High school student Michael Nakamura is preparing to compete in August for another world title at the World Yo-Yo Championship in Tokyo.
By Connie K. Ho, Contributor
All eyes were recently on Michael Nakamura. Second by second, minute by minute, a small crowd began to gather at Weller Court in Los Angeles’ Little Tokyo. With yo-yos spinning in his hand and a razor focus, he kept the crowd captivated as milling tourists attempted to snap pictures of the teen. Nakamura isn’t your average high school student — he’s a yo-yo champion on the road to securing more titles before graduation.
Nakamura began yo-yoing at a young age. He remembers receiving his first yo-yo from his father when he was 7 or 8 years old. He attempted some easy tricks, but then put it aside for some time. It wasn’t until he was 12 that he picked up the yo-yo again and began watching videos on YouTube of yo-yo competitions in Japan. From that time on, he had an intense interest to learn more tricks and, pretty soon, he was making up his own moves and participating in yo-yo competitions. He entered his first yo-yo contest in 2010.
“I think the biggest part of [the yo-yo] community is how helpful and supportive they are,” said Nakamura, a Southern California native. “It’s kind of a nice mixture — there are sport athletes, math geeks, and everyone can gather around and share the same interest in this one sport.”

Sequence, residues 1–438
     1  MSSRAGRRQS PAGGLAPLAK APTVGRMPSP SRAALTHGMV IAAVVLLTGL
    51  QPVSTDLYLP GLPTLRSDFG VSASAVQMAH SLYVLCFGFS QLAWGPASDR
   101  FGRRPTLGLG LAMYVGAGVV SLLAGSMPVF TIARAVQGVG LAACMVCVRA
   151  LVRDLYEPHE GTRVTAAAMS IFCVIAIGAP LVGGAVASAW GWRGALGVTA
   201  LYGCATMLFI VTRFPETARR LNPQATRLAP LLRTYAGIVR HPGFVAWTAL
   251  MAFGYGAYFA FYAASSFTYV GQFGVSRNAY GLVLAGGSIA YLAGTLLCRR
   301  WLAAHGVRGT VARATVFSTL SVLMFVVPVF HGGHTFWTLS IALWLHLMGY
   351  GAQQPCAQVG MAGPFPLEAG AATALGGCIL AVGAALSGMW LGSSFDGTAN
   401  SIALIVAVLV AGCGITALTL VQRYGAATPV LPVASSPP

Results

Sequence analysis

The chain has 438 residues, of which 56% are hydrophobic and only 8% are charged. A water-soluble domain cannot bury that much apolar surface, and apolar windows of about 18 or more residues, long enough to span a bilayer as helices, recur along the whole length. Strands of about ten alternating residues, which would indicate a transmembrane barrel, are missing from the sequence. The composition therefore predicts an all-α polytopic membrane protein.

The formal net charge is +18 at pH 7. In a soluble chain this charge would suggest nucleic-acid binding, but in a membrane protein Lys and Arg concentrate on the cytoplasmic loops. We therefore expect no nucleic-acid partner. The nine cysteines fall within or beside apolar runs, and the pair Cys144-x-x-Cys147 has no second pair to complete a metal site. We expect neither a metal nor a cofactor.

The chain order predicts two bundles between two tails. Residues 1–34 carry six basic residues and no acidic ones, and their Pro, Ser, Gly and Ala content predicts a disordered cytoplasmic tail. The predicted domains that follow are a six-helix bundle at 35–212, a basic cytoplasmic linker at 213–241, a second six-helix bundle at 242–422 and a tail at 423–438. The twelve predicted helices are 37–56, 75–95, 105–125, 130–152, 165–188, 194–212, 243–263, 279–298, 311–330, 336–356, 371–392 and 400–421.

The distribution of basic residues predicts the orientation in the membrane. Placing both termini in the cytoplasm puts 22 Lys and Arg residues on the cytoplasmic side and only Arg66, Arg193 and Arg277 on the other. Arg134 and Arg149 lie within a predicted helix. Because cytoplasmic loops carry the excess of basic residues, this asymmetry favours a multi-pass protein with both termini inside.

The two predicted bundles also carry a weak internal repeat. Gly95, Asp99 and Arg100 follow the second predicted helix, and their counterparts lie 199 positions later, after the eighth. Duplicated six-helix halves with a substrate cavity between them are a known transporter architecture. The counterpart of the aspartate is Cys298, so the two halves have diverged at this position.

Nakamura, who turns 18 this month, spends his down time developing new tricks, whether that might be in the classroom, at home or out and about. He practices approximately one hour a day, with more time on the weekends.
“Once I have a yo-yo in hand, I try to execute [the trick] and then start from there. It takes a really long time to make it competition-worthy,” said Nakamura, who attends North Hollywood High School. “First, I start with the basic elements, then from there, I kind of add in more stuff that would make it score higher in a contest. Then, as time goes on, I make adjustments to it.”
In 2013, Nakamura was crowned the World Yo-Yo champion in the 4A, otherwise Offstring Division. This year, he’s already won the North American Yo-Yo Championship in Las Vegas and the Pacific Northwest Regional Yo-Yo Contest in Seattle. He’s also planning to attend the World Yo-Yo Championship, which will be held in August in Tokyo.
“There are so many variables, so I usually shoot for top three, do my best and see where I end up,” said Nakamura, who cites traveling and sightseeing as one of the highlights of participating in the yo-yo competitions.
A busy student, Nakamura juggles yo-yo training along with five Advanced Placement courses and karate classes (he’s a brown belt). When he’s at home, he’ll choreograph a routine and practice it over and over again until he feels comfortable. You’ll see him with his yo-yos often, including visits to the supermarket and the mall. He also utilizes his morning commute to practice yo-yoing and find songs for competitions that fit his style, with selections from musicians such as music producer and DJ Zedd.
Much of the time during practices, he’ll video chat with other yo-yo experts from around the world.
“In Japan, they definitely take it a lot more seriously. It’s very organized — everyone has a strict mind-set on what helps them place higher in competitions,” Nakamura said.